How Do Elephants Give Birth?

By Ann Johnson

Female Elephant Comes of Age

The male elephant is referred to as a bull, the female as a cow and the baby as a calf. The male elephant will begin mating between the ages of 10 and 14 years, while the female elephant will begin to mate between the ages of 12 and 15 years. After mating, the bull and cow elephants do not stay together. The bull elephant will mate with several different females.

Elephant's Unique Pregnancy

The female elephant normally gives birth to a single calf, yet she can have twins. Female elephants might give birth every five years, and continue to mate until about the age of fifty. The female elephant’s pregnancy will last up to 23 months, longer than other animals. When she does give birth, the calf can weigh anywhere from 200 to 320 pounds.

Female Elephant's Labor

The labor can last for several days, beginning with labor pains. The female elephant will lose her mucous plug, and contractions increase as the labor continues. Wild elephants normally give birth at night. It is believed this is to provide them with an undisturbed environment. A female in labor has been known to make attempts to interrupt the birth, if it is occurring during the day or early dawn.

Actual Birth

The amniotic bladder may push out before the calf, appearing like a balloon-like matter. The elephant may attempt to rub off the protruding bladder. The calf will pass through the birth canal, and the mother will separate the amniotic bladder from the newborn. Introductions to the new arrival will involve the mother sniffing the calf. Once she accepts her calf, the mother will pull it towards her.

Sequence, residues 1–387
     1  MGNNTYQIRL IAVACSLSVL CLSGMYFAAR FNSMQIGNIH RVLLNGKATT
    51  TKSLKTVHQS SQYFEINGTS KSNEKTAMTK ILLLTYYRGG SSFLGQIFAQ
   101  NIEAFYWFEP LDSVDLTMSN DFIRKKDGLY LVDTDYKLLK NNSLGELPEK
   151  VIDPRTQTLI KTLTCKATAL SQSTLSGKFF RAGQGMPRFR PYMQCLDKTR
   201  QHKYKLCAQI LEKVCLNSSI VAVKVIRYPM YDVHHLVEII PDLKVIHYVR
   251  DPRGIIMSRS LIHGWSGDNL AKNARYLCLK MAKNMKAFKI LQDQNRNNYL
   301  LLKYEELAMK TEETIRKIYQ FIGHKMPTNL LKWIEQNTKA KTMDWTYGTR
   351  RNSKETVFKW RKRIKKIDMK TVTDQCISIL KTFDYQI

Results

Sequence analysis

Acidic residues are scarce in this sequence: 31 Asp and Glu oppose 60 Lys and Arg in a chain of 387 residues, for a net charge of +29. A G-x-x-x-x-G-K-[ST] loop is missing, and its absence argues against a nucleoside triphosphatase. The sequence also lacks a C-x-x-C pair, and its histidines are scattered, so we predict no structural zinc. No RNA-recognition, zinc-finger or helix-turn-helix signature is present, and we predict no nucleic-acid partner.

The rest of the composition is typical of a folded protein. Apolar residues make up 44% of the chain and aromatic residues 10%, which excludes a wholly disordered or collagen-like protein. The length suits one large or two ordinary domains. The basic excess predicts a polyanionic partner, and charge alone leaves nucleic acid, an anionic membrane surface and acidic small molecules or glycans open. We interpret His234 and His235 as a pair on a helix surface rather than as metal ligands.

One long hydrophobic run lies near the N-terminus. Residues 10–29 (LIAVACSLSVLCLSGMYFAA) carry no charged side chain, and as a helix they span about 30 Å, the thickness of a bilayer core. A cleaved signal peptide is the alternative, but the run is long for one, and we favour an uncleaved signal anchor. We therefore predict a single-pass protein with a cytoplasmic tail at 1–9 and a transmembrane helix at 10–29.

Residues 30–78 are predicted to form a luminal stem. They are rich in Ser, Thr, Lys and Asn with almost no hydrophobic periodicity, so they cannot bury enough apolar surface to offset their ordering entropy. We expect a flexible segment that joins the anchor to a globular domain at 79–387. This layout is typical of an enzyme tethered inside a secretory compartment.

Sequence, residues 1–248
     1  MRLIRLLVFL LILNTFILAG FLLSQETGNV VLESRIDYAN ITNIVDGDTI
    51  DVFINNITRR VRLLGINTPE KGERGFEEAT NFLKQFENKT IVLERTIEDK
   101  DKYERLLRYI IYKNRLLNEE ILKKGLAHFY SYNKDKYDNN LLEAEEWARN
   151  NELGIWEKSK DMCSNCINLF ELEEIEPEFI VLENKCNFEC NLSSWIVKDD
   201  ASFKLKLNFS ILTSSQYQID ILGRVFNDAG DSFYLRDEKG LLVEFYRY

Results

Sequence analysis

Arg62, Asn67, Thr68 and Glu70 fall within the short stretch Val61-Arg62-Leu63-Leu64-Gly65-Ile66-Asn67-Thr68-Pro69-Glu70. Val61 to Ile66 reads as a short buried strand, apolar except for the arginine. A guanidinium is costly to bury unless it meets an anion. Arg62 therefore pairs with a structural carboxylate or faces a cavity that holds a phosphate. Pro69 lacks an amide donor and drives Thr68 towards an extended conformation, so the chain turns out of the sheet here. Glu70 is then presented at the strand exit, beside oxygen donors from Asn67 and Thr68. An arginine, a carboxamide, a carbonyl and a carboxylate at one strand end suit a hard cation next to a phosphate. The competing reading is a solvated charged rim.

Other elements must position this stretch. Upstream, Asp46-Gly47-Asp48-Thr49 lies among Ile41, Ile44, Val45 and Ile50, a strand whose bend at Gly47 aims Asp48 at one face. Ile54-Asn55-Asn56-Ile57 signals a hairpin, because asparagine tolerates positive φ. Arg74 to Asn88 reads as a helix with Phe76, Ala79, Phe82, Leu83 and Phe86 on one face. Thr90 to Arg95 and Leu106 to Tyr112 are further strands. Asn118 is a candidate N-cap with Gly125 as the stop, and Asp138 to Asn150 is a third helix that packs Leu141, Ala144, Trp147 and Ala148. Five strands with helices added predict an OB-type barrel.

Standing and Feeding the Calf

Within an hour after arriving the newborn calf will be able to stand. Within a few hours the newborn elephant will be walking. After learning to stand on its own four feet, the calf’s next goal will be to find its mother’s breast and begin nursing. Calves will nurse for about four years, with mother’s milk being its mainstay for the first six months of life. The calf will curl its trunk over its head which will enable its mouth to reach the mother’s milk. A young elephant will begin grazing on grass and other foliage between the ages two to six years.

Protecting the Young

A calf will stay with its mother until it reaches adulthood. The young calf is protected by the herd. While the adult elephants are normally not vulnerable to predators such as lions and tigers, the calves are. The herd will encircle the young calf to protect it from such dangers.

About the Author

Ann Johnson has been a freelance writer since 1995. She previously served as the editor of a community magazine in Southern California and was also an active real-estate agent, specializing in commercial and residential properties. She has a Bachelor of Arts in communications from California State University, Fullerton.